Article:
• http://www.throughline.co.uk/water-cooler/ Indy Neogy

    I think this is a good line of enquiry.
    I feel that we have a good (but not perfect) range of legal forms in this country.

    For me, one of the biggest questions is developing a philosophy (and perhaps new forms) that can convincingly be and be seen to be successful without “growth.”

    I’d argue that in many areas relating to public services, you often get the challenge of running a service either for a static population or for a declining one. At this point all of the forms (including commercial ones) run into trouble because they have been practised and conceived mainly in environments of growing demand.

    This of course also applies to the taxation and regulation of these forms – winding something down, or even just shrinking it to match a reduced demand often incurs extra costs for changes that are easy to neglect when the organisation is growing in size, but less so when it is shrinking.

  • http://www.russellwebster.com/Blog Russell Webster

    There also seem to be a number of statutory organisations who are creating social enterprises for reasons that they’re not yet clear about – possibly just somewhere to Park funds that they are hoping to get from payment by results contracts which they can spend in the next financial year.

    I would love to know the proportion of social enterprises/CICs who actually employ staff and deliver activities. Sometimes, these imposters get in the way of the proper social enterprises characterised by drive and innovation.

  • http://www.potlatch.org.uk Will Davies

    I think there is a crucial distinction between organisations which are ‘for profit’ or ‘profit-maximising’, and those which are ‘for something else’, though possibly also ‘profit-making’. Much of the motivation for establishing a mutual or co-op is unique to the founders, other than the shared motivation that it isn’t about making as much money as possible. Many have been burned in the past, by predatory investors or careless owners, and want to find a way of ensuring that this doesn’t happen again. As John Kay has argued for years, any successful entrepreneur or businessman must ultimately have some guiding vocation or goal, beyond making money (this is not unlike Weber’s ‘spirit of capitalism’).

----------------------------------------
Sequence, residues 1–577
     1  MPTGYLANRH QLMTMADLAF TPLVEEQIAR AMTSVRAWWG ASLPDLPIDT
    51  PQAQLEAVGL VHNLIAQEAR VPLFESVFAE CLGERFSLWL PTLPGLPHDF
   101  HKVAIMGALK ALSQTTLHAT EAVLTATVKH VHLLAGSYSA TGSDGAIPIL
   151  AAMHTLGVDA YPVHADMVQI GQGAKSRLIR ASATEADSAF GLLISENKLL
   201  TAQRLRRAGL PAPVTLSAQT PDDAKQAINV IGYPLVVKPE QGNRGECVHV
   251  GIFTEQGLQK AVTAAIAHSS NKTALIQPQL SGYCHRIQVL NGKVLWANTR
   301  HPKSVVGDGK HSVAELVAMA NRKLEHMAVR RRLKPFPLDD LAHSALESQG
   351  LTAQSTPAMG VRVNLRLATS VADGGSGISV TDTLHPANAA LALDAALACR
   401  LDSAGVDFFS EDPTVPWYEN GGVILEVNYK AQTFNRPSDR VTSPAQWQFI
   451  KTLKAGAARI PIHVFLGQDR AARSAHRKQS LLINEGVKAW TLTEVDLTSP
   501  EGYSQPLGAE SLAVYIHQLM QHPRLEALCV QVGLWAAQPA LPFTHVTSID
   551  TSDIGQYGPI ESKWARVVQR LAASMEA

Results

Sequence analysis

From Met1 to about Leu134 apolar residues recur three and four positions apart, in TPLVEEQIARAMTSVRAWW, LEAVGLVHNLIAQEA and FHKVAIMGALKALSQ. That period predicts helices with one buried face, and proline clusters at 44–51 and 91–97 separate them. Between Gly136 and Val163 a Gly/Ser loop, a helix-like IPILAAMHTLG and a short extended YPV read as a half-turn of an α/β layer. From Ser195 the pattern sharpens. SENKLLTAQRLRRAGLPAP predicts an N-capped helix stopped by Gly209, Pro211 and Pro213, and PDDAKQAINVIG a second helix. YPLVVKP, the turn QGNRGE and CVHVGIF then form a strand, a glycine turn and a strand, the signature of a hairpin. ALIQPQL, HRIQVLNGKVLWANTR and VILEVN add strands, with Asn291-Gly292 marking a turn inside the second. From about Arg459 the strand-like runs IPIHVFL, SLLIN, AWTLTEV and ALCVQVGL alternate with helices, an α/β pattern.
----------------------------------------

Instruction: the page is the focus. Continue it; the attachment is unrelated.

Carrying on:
Escaping the tyranny of private equity or capital markets is thus a motivation, albeit a negative one. So any project that the RSA did would have to also consider how new financing arrangements could be developed, which offered credit and/or equity to non-profit-maximisers. The ‘social venture capital’ model doesn’t seem adequate.

  • http://www.russellwebster.com/Blog Russell Webster

    For me, this means a real interest in social impact bonds but complete dismay at the prospect that these are already being considered as potential derivatives to be traded on the markets. It is very difficult to retain a focus on profits and social well-being – at least once any initiative is scaled up to a reasonable size.

  • Dave Boyle

    Mutuals, co-ops and social enterprises often get lumped together as alternatives to the dominant strain of capitalist organisation, but there are quite important differences beyond the nerdy, which relate to one’s views about ‘human nature’, ‘society’ and ‘benefit’.

    The mutual view is essentially that by not being owned by investors pushing to extract their dividend or sell on and out, the business offers a better service to customers; profits are used to keep prices down next year. Mutual enterprises essentially seek to be better forms of capitalism for consumers than the competition.

    Co-ops take this and add a twist, that the effect of democratic participation in the enterprise is a better way to run a business and is better for society – there’s plenty of research about the role co-ops can play in development because they’re democratic, not just equitable. Co-ops seek not just to be better businesses, but to be better for those who are members of them and for society at the same time; that can be through employee co-ops being ‘better’ for people to work at, both financially and emotionally/physically.

    Social enterprises have a different philosophical basis. If I might caricature slightly, I’ve seen a lot of social enterprises which are clearly working to a standard start-up model of sweat equity leading to a buy out at a later stage for the founding investors. The enterprise will do good things, making decent profits and putting some back. It sounds perfect. But too perfect. It assumes essentially that the model of capitalism it exists within is fine, and the only that needs to change is the motivations of the capitalist entrepreneur-managers. It’s a very rosy, american view of capitalism; there’s nothing inherently wrong which a few nicer people being nicer won’t solve.